under PLDT’s Articles of Incorporation. The example given is not theoretical but can be found in the real world. it is clear that foreigners exercise control over PLDT. Under the broad definition of the term “capital. This is obviously absurd.690 common shares of PLDT whereas Filipinos hold only 66.750. which is a document required to be submitted annually to the Securities and Exchange Commission. On the other hand.27% of the total number of PLDT’s common shares. as well as the clear language of the Constitution. It also renders illusory the State policy of an independent national economy effectively controlled by Filipinos. of the total outstanding capital stock is Filipino owned. foreigners hold 120. the Filipinos. only the foreigners holding the common shares have voting rights in the election of directors. In other words. and respondents do not dispute. to place the control of public utilities in the hands of Filipinos. This starkly circumvents the intent of the framers of the Constitution. while holders of preferred shares have no voting right for any purpose whatsoever.” Let us assume that a corporation has 100 common shares owned by foreigners and 1.622 common shares. with both classes of share having a par value of one peso (P1. Such . based on PLDT’s 2010 General Information Sheet (GIS). who have no voting rights in the election of directors. have no control over the public utility. exercise control over the public utility. or more than 99.00) per share. foreigners hold 64. with a minuscule equity of less than 0.999 percent.We shall illustrate the glaring anomaly in giving a broad definition to the term “capital. In fact. even if they hold only 100 shares. holders of common shares have voting rights for all purposes. In the example given.001 percent.046. that foreigners hold a majority of the common shares of PLDT. do not have any control over PLDT.” such corporation would be considered compliant with the 40 percent constitutional limit on foreign equity of public utilities since the overwhelming majority.999 percent of the equity. In fact. and in fact exists in the present case.000 non-voting preferred shares owned by Filipinos. while Filipinos hold only 35. It must be stressed. xxx xxx xxx [O]nly holders of common shares can vote in the election of directors [of PLDT]. cannot vote in the election of directors and hence. meaning only common shareholders exercise control over PLDT.73%. Since holding a majority of the common shares equates to control. Conversely. holding more than 99.000. The foreigners. holders of preferred shares.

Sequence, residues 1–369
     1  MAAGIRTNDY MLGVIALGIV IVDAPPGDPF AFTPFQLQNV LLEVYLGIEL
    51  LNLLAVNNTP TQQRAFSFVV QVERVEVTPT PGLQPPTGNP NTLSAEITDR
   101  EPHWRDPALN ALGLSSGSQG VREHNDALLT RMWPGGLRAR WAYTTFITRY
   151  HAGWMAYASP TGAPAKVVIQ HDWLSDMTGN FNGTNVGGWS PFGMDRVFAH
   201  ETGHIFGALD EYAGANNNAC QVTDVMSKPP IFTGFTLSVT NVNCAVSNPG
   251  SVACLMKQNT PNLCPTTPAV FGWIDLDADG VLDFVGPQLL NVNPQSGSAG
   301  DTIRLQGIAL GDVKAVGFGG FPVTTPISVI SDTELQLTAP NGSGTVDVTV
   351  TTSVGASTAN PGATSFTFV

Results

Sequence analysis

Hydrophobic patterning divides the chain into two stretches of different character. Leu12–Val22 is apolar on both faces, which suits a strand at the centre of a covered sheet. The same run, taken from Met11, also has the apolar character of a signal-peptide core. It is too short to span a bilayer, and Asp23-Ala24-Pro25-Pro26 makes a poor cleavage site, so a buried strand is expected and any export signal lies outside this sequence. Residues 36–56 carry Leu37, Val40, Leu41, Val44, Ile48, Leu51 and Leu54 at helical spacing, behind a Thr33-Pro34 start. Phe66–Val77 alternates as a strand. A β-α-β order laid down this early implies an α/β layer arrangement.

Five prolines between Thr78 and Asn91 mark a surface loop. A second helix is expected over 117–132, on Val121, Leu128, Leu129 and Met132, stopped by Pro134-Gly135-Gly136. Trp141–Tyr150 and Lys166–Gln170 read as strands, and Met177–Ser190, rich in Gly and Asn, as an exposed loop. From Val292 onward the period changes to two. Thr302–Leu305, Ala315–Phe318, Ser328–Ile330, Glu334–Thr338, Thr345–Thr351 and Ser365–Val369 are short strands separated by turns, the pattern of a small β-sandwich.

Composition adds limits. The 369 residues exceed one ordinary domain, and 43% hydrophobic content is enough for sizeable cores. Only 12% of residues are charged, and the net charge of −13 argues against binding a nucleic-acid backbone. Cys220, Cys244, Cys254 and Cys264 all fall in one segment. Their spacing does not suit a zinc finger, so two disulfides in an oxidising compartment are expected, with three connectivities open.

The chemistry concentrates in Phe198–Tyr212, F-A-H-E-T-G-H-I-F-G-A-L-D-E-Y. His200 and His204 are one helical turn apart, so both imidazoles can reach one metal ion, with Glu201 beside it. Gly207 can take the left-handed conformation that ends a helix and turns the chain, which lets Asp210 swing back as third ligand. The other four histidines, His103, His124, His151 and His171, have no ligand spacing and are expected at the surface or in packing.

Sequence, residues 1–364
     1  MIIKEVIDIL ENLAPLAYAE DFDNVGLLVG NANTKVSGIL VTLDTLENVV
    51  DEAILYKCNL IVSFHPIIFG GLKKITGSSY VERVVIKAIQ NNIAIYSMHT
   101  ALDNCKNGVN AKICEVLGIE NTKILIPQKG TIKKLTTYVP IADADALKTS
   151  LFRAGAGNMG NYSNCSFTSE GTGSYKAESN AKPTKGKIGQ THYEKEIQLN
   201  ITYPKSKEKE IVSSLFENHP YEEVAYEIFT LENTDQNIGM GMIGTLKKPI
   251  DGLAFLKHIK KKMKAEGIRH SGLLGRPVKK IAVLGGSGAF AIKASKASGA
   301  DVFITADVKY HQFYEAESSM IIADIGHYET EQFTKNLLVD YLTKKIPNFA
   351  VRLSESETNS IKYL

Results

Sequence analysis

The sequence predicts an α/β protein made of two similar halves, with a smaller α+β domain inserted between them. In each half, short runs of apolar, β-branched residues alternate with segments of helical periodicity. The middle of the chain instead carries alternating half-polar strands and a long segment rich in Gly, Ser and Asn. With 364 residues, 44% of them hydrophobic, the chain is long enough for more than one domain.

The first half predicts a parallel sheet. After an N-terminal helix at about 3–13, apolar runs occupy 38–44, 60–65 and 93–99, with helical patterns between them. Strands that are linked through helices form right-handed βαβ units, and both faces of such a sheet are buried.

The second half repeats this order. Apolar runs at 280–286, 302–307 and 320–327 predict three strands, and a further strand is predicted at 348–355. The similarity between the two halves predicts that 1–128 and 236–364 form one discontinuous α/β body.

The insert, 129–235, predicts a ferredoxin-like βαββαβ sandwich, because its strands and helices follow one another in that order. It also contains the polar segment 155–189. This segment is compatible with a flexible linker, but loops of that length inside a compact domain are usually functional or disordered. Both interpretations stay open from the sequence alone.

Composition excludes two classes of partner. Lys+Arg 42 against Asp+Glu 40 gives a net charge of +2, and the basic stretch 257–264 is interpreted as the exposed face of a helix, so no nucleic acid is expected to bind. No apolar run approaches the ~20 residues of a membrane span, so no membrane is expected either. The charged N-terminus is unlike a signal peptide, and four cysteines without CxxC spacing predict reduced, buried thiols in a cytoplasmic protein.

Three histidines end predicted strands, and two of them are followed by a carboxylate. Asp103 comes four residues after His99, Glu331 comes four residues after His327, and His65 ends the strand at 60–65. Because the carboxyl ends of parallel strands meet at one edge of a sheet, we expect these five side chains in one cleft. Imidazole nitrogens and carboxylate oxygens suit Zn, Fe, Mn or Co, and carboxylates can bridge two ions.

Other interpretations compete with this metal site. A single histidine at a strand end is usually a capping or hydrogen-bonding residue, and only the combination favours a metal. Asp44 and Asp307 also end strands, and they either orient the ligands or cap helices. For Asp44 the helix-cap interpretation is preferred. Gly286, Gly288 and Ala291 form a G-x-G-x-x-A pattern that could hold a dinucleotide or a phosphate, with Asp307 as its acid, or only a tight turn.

15%. have no voting rights. of PLDT.73% of PLDT’s common shares. are non-voting and earn only 1/70 of the dividends that PLDT common shares earn. Worse. As shown in PLDT’s 2010 GIS. constituting a minority of the voting stock. certificate. and (6) preferred shares constitute 77.27% of the common shares of PLDT. 99. Article XII of the Constitution. The undisputed fact that the PLDT preferred shares. at least sixty per centum of whose capital is owned by such citizens x x x. and thus exercise control over PLDT. preferred shares have twice the par value of common shares but cannot elect directors and have only 1/70 of the dividends of common shares. This directly contravenes the express command in Section 11. (1) foreigners own 64. Article XII of the Constitution that “[n]o franchise. and earn less than 60 percent of the dividends. In short. preferred shares constitute 77.85% of the authorized capital stock of PLDT and common shares only 22. 99. (4) preferred shares earn only 1/70 of the dividends that common shares earn.amount of control unmistakably exceeds the allowable 40 percent limit on foreign ownership of public utilities expressly mandated in Section 11. the par value of PLDT common shares is P5.00 per share. 99. as submitted to the SEC. (3) preferred shares. coupled with 60 percent of the voting rights. blatantly violating the constitutional requirement of 60 percent Filipino control and Filipino beneficial ownership in a public utility. The legal and beneficial ownership of 60 percent of the outstanding capital stock must rest in the hands of Filipinos in accordance with the constitutional mandate. Moreover. This undeniably shows that beneficial interest in PLDT is not with the non-voting preferred shares but with the common shares. This kind of ownership and control of a public utility is a mockery of the Constitution. Filipinos hold less than 60 percent of the voting stock.44% owned by Filipinos. In other words. or any other form of authorization for the operation of a public utility shall be granted except to x x x corporations x x x organized under the laws of the Philippines.15%. whereas the par value of preferred shares is P10.00 per share.44% owned by Filipinos. is constitutionally required for the State’s grant of authority to operate a public utility. Full beneficial ownership of 60 percent of the outstanding capital stock. (2) Filipinos own only 35.56% of the preferred shares.85% of the authorized capital stock of PLDT while common shares constitute only 22. and thus do not exercise control over PLDT. grossly violates the constitutional requirement of 60 percent Filipino control and Filipino beneficial ownership of a public utility. (5) preferred shares have twice the par value of common shares.” To repeat.44% of the preferred shares are owned by Filipinos while foreigners own only a minuscule 0. which class of shares exercises the sole right to vote in the election of directors. .